Now or never: Watzke and BVB have the chance to lead positive reform in European football

Lewis Ambrose
6 min readApr 22, 2021

Borussia Dortmund haven’t won the Bundesliga since 2012 or played in a Champions League semi-final since 2013. Yet chief executive Hans-Joachim Watzke, who stepped into the role in 2005 and steered the club from the brink of bankruptcy to German champions within five years, has perhaps never been more powerful.

Watzke recently signed a new contract with Dortmund, keeping him in his role as CEO until December 2025. Michael Zorc, who has stood alongside Watzke as the public face of the club’s backroom operations, is a Dortmund legend. Former captain and Dortmund’s all-time leading goalscorer, Zorc stepped up behind the scenes when he retired in 1998 before becoming sporting director in 2005, and is about to enter his final season with the club.

Watzke has never wielded as much influence inside Dortmund as he is about to. And he has probably never even dreamed he could wield as much influence outside of Dortmund as he probably does now.

After the failed creation of the Super League, Watzke is left sat at the very top table of the European Club Association (ECA) board alongside honorary chairman Karl-Heinz Rummenigge. He is unlikely to retain any meaningful position when he leaves his post as Bayern Munich CEO in 2022. But Bayern will still be represented on the ECA board by Michael Gerlinger. And then there’s Paris Saint-Germain CEO Nasser El-Khalifi, who was appointed the new chairman of the ECA on Wednesday.

All three clubs — Dortmund, Bayern, and PSG — had an option to join the Super League as a “founding” member. All three secured the chance to wait before accepting an invitation to be a Super League founding member that, seemingly, no other club had. And so, the 12 clubs quit the ECA and their boardroom members quit its board. They launched the Super League. And they waited for BVB, Bayern and PSG to follow. But they didn’t follow. They roundly condemned the Super League’s breakaway attempt. Was this a ploy? Secure a Super League spot and see how things pan out before actually committing to it? Or goad the 12 into taking the leap before leaving them for dead and cosying up to UEFA as the new kings of the ECA? Either way, that’s what happened, and now Dortmund and Watzke may be on the precipice of holding an unprecedented amount of influence over European football. An influence that could be used for good.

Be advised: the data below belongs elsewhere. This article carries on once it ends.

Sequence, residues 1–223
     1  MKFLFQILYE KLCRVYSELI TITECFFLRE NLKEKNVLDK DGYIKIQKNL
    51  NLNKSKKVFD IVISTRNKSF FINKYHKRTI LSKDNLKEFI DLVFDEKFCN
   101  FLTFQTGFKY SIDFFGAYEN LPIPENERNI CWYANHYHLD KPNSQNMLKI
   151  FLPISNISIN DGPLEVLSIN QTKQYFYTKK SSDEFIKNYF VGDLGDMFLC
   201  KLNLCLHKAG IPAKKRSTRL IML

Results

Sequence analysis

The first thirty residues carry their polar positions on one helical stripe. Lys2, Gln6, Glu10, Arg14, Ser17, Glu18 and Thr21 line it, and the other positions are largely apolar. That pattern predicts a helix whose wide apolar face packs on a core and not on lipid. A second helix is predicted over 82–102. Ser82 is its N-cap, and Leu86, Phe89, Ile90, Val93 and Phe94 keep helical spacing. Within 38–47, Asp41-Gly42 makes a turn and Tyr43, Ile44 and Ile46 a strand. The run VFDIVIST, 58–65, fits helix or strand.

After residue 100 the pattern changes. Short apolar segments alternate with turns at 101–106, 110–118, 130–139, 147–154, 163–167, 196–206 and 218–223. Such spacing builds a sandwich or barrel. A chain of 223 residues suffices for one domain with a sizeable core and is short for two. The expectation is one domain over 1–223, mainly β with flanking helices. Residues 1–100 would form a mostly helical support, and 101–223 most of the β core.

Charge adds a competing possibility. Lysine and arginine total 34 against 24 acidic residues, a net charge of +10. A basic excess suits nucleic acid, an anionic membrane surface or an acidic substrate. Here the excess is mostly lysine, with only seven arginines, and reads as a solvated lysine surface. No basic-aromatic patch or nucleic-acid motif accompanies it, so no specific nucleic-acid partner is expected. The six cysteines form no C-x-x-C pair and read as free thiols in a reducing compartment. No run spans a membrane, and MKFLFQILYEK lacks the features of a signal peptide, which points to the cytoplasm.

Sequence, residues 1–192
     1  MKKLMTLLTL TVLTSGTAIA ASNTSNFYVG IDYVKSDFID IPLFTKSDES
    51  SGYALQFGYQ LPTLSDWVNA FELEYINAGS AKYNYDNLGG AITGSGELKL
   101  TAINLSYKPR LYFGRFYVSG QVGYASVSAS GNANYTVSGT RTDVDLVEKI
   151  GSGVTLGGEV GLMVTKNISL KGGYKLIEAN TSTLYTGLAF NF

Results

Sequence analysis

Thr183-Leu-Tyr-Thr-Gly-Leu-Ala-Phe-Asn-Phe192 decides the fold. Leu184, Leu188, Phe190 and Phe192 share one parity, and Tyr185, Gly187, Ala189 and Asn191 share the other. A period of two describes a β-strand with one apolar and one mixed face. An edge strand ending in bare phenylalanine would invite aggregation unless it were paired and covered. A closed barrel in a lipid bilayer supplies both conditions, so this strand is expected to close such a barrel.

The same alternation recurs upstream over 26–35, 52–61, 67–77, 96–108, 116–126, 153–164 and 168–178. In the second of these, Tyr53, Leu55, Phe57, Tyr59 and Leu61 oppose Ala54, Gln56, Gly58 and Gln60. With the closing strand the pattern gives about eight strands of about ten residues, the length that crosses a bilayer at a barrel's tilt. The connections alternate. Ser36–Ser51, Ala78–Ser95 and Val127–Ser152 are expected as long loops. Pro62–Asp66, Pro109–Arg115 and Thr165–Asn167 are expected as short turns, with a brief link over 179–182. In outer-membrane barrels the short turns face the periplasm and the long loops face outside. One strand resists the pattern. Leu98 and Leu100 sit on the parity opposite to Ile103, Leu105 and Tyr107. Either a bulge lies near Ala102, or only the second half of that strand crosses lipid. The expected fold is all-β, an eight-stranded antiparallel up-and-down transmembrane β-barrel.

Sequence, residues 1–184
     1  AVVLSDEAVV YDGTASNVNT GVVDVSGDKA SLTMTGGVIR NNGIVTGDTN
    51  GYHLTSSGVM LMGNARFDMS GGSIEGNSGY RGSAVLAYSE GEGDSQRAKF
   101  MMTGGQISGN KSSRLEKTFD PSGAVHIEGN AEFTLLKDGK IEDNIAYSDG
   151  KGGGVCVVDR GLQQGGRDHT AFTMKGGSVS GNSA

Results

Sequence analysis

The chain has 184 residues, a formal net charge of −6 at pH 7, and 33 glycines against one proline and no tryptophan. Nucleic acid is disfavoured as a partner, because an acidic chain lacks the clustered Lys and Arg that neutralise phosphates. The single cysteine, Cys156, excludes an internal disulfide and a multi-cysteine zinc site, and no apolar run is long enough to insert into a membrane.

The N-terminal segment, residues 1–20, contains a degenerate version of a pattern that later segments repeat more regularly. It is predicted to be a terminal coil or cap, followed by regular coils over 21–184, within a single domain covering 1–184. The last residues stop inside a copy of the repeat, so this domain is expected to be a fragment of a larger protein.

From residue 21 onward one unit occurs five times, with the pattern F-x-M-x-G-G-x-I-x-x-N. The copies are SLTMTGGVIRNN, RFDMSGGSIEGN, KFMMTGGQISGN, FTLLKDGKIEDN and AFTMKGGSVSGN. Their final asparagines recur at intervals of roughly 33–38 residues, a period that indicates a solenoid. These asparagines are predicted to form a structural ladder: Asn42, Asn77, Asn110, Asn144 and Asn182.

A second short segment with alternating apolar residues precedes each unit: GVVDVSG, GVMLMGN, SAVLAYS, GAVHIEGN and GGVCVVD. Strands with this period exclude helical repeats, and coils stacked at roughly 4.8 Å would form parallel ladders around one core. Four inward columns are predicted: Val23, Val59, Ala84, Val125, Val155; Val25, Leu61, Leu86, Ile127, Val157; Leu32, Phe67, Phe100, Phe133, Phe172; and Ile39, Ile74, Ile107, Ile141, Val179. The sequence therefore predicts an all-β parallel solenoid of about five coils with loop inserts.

There is absolutely no escaping that, while the Super League was worse, an immediate and irreversible threat to the European game, UEFA have at worst led, and at best allowed, the erosion of competition across Europe for a long time. The rich have become richer and more dominant. They’ve been allowed to push smaller clubs around and coerce UEFA into assisting them. The latest Champions League reform is one Dortmund fans have managed to campaign against even while locked out of the Westfalenstadion.

It’s also a reform that, in all likelihood, would only ever benefit Dortmund. The new Champions League format would save two places for teams with a strong historical performance who could only qualify for the Europa League or Europa Conference league in their previous season. The reform is set for 2024 but, were it to come in right now, Dortmund would have a good chance of benefitting. Currently fifth in the Bundesliga, they would qualify for the Europa League as things stand but be promoted to the Champions League if one of Liverpool or Chelsea finish in the top four in England (Chelsea are currently fourth) and Arsenal (currently ninth) finish below seventh. Yet Dortmund fans protested nonetheless, because the proposed new system is unfair. And, though the club allowed a banner to sit behind the goal in the Westfalenstadion in recent weeks, those protests were seemingly ignored by the only fans powerful and privileged enough to still attend games. By Watzke.